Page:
Cantaloupe Listeria Outbreak Blamed on Dirty Equipment

Dirty equipment is being blamed for the deadly Jensen cantaloupe <"">Listeria outbreak that has killed 25 people, sickened 123, and spans 25 states. The outbreak is considered one of the worst in American history, according to the U.S. Food and Drug Administration (FDA) and involves four strains of the dangerous and deadly Listeria monocytogenes bacteria.

Four illnesses involved in this outbreak involved pregnant women, who are the most susceptible to the Listeria monocytogenes pathogen. Three women became ill while pregnant, one suffered a miscarriage; one newborn was diagnosed with listeriosis.

While the cases appear to be slowing down, a U.S. Centers for Disease Control and Prevention (CDC) official said that is still too soon to declare the outbreak over, said CNN. “The peak in illnesses appears to have occurred from late August until the middle of September,” said Dr. Barbara Mahon of the CDC, wrote CNN. According to Dr. Mahon, monitoring is necessary for another two weeks. The incubation period for listeriosis can be as long as two months.

Although the FDA could not identify the exact cause of the outbreak, it did cite violations in sanitary conditions that require resolution, according to its letter to Granada Colorado’s Jensen Farms, said CNN. The FDA letter also indicated that tests revealed “widespread contamination throughout your facility and indicates poor sanitary practices in the facility.” One probable cause, said the FDA, was packing equipment that “was not easily cleaned and sanitized” as well as washing and drying equipment and other raw agricultural commodities, CNN reported.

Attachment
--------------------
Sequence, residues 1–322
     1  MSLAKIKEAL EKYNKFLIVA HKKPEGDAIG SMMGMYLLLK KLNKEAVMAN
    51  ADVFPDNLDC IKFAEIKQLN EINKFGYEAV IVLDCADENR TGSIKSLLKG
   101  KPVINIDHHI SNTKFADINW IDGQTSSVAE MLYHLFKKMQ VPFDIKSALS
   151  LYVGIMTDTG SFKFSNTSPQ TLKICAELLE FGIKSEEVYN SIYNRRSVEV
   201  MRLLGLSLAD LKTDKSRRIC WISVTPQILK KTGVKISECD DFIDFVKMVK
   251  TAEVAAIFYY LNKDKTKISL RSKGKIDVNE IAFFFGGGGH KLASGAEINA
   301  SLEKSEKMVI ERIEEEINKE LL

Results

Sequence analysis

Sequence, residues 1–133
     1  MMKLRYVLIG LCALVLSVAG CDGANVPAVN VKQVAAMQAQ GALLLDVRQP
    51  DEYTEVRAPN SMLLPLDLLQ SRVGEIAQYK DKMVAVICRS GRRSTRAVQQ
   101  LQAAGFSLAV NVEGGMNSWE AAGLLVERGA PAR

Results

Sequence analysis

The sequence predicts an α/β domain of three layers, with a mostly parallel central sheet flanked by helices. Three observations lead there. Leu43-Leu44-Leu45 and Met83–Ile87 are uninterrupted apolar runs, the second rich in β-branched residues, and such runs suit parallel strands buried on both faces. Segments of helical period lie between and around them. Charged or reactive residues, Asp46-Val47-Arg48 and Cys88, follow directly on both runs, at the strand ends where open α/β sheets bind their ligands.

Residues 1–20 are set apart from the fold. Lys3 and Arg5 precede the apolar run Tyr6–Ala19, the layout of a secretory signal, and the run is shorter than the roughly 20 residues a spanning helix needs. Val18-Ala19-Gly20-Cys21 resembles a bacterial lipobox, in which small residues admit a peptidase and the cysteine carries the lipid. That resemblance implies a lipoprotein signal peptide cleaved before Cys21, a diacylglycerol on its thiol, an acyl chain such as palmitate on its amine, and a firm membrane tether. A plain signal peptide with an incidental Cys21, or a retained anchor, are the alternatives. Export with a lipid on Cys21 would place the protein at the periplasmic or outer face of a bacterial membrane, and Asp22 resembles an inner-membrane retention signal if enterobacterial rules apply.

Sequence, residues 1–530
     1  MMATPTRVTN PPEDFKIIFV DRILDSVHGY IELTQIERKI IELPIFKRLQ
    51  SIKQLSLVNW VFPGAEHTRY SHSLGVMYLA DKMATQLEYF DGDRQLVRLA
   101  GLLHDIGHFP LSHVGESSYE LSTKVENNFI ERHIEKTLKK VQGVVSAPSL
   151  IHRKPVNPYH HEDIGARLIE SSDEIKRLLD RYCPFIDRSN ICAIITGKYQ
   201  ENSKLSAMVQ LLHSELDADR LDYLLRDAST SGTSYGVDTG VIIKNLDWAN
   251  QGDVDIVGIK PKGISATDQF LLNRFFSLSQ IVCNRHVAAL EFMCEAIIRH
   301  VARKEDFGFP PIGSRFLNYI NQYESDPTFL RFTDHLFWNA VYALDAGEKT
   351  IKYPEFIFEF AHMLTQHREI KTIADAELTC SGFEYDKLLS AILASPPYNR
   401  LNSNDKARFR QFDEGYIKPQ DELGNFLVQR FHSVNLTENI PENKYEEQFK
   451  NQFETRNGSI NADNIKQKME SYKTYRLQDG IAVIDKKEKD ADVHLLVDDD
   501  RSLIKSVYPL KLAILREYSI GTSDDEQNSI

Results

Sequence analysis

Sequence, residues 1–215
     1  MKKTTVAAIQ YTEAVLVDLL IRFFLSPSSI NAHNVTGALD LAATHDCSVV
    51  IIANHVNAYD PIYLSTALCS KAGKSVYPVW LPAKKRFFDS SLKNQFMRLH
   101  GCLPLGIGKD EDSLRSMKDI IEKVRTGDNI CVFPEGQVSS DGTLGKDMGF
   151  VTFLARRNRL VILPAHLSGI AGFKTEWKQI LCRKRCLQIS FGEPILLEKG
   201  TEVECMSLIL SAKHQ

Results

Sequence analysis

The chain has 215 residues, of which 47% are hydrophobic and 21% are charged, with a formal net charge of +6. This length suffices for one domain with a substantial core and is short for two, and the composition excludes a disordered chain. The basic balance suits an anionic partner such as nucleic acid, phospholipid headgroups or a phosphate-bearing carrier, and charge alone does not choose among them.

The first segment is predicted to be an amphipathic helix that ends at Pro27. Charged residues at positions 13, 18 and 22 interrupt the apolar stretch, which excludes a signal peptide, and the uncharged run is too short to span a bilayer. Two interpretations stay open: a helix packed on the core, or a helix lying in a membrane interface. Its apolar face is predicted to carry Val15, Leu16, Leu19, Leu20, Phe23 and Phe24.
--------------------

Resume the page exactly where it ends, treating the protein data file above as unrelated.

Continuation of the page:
As we’ve mentioned, cantaloupe are harvested from the field and moved to a packing shed for washing prior to shipping; moisture could be a culprit in the massive outbreak. According to the farm’s owners, the packing facility, now considered the deadly outbreak’s point of origin, is cleaned routinely; the owners maintain that they don’t know how Listeria ended up on equipment there, said KKTV previously.

The FDA said in a statement that the facility lacked a “pre-cooling step” meant to remove field heat from the produce prior to cold storage, said CNN. This could have caused condensation during the cooling process that promoted Listeria monocytogenes growth, CNN explained. Of note, the Listeria pathogen tends to thrive in cold conditions.

The FDA letter to Jensen Farms also stated that, “These positive swabs were taken from different locations throughout the washing and packing areas in your facility, all of which were either food contact surfaces or areas adjacent to food contact surfaces…. This significant percentage of swabs that tested positive for outbreak strains of Listeria monocytogenes demonstrates widespread contamination throughout your facility and indicates poor sanitary practices in the facility,” CNN reported. Jensen Farms has 15 days to document how it will correct the problems.

Jensen Farms has agreed to an FDA inspection of its growing, packaging, and cold storage operations prior to resuming food harvesting, packaging, or processing, and has also agreed to correct all “objectionable observations” revealed during the FDA inspections, said CNN, citing the FDA letter.

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